Showcasing 50 Years of Advances in Cancer Research and Treatment

Clinical Breakthroughs Driven by Discovery Science

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The AACR Cancer Progress Report 2021, published on October 13, celebrates the gains made in cancer research since President Richard Nixon signed the National Cancer Act into law on December 23, 1971, especially against such life-threatening cancers as metastatic melanoma and lung cancer.1 The report also recognizes the negative impact the COVID-19 pandemic has had on cancer research and patient care, the disproportionate toll both cancer and the pandemic continue to have on racial and ethnic minorities, and the overwhelming financial burden cancer and the coronavirus are having on the U.S. economy.

According to this year’s AACR Cancer Progress Report, an estimated $200.7 billion of total health-care costs was spent on cancer-related health care in the United States in 2020. And that number is expected to increase to $245.6 billion over the next decade. In addition, these costs do not seem to reflect the additional indirect cost due to lost earnings or lost productivity or the potential negative economic impact of COVID-19 on cancer-related health care. 

Progress Against Cancer

The cumulative effect of advances in cancer over the past 50 years has resulted in reducing overall cancer incidence and death rates in the United States and rising numbers of cancer survivors. Here are some of the findings from the AACR’s analysis:

  • The age-adjusted overall cancer death rate declined by 31% from 1991 to 2018, a reduction that translates to 3.1 million lives saved. This reduction includes a 2.4% decline between 2017 and 2018, the largest reduction ever seen in a single year.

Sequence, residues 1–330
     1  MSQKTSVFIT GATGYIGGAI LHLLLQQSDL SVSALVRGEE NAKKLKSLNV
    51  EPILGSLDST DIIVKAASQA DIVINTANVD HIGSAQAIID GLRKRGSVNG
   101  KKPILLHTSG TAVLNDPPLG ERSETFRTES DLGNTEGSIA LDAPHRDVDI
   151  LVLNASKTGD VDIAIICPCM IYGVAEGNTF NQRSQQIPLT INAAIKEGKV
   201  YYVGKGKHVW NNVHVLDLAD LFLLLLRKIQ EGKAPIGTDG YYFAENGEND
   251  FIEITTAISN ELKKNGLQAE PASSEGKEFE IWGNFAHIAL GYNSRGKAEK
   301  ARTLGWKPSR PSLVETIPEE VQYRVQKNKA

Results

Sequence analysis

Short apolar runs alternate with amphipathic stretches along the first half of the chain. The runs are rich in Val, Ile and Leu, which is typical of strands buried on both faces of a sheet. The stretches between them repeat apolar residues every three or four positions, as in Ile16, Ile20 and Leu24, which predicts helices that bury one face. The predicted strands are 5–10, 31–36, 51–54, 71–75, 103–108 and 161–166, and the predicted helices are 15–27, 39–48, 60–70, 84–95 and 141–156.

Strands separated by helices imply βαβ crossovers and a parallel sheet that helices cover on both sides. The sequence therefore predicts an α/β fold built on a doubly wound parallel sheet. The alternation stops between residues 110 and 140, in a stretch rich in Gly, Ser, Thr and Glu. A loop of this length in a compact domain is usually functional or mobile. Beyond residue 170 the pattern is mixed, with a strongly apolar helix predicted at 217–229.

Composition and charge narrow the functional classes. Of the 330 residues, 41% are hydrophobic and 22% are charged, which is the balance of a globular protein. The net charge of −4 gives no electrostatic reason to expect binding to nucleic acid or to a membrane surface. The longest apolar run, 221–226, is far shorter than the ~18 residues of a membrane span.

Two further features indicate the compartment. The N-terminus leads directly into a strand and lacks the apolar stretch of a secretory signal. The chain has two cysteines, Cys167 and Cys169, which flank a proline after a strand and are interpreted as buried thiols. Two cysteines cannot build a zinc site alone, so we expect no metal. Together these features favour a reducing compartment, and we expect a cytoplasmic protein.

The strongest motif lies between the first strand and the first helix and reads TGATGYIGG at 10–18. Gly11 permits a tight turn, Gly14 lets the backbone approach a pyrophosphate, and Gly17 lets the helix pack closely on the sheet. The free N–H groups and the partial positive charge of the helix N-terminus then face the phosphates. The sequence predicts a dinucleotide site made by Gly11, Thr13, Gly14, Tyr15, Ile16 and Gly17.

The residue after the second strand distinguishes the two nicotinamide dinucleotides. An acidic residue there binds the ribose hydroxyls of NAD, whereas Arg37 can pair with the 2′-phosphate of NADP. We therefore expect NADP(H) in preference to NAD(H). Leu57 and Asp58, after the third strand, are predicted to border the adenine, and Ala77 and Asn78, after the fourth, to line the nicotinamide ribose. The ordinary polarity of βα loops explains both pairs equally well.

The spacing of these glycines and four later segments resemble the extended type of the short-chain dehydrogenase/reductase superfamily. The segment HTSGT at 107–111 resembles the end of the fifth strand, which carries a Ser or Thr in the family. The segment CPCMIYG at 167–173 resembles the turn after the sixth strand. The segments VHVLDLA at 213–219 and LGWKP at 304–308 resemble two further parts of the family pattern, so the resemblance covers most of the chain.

• From 1971 to 2019, the number of cancer survivors has grown from 3 million to 16.9 million, respectively.
  • Efforts to reduce smoking rates have contributed to a 41% decline in lung cancer–related deaths from 1991 to 2018.
  • Fueled by research discoveries made over the past 5 decades, molecularly targeted therapeutics and immunotherapeutics have substantially increased the 5-year survival rates for patients with formerly intractable cancers, including lung cancer, from 12.3% in 1975–1977 to 21.7% from 2011–2017; and melanoma, from 18% from 2006–2012 to 30% from 2011–2017.
  • The 5-year relative survival rate for all cancers combined has increased to 68% for people diagnosed between 2011 and 2017 from 49% for those diagnosed in the mid-1970s. This trend includes increased 5-year relative survival rates for children and adolescents (up to age 19), from 63% to 84% in the same interval.

Breakthroughs in Treatment

According to the AACR report, from August 1, 2020, to July 31, 2021, the U.S. Food and Drug Administration (FDA) approved a total of 16 new anticancer therapeutics; 11 previously approved anticancer agents, which are now approved for treating new types of cancer; three new diagnostic imaging agents; two new surgery guiding devices; two new multipanel next-generation sequencing liquid biopsy companion diagnostic tests; and one new artificial intelligence–driven endoscopy device.

Breakthroughs in precision medicine include sotorasib, the first FDA-approved therapeutic to successfully target the KRAS oncogene; the first approval of an antibody-drug conjugate, fam-trastuzumab deruxtecan-nxki, for the treatment of HER2-positive gastric cancer; and relugolix, the first oral hormone therapy approved for advanced prostate cancer.

Advances in immunotherapy include FDA approvals of idecabtagene vicleucel, the first approved chimeric antigen receptor T-cell therapy for multiple myeloma; dostarlimab-gxly, a new checkpoint inhibitor for the treatment of recurrent or advanced deficient mismatch repair endometrial cancer; and nivolumab plus ipilimumab in the treatment of mesothelioma.

Call to Action for Continued Federal Investment in Research